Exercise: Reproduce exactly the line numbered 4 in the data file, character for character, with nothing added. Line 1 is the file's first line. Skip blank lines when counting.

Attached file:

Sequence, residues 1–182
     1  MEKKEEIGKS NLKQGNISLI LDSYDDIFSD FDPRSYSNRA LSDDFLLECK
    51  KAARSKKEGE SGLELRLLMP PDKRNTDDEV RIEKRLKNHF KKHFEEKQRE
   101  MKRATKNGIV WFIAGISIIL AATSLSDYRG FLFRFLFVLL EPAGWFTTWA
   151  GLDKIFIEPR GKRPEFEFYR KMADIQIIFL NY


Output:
   101  MKRATKNGIV WFIAGISIIL AATSLSDYRG FLFRFLFVLL EPAGWFTTWA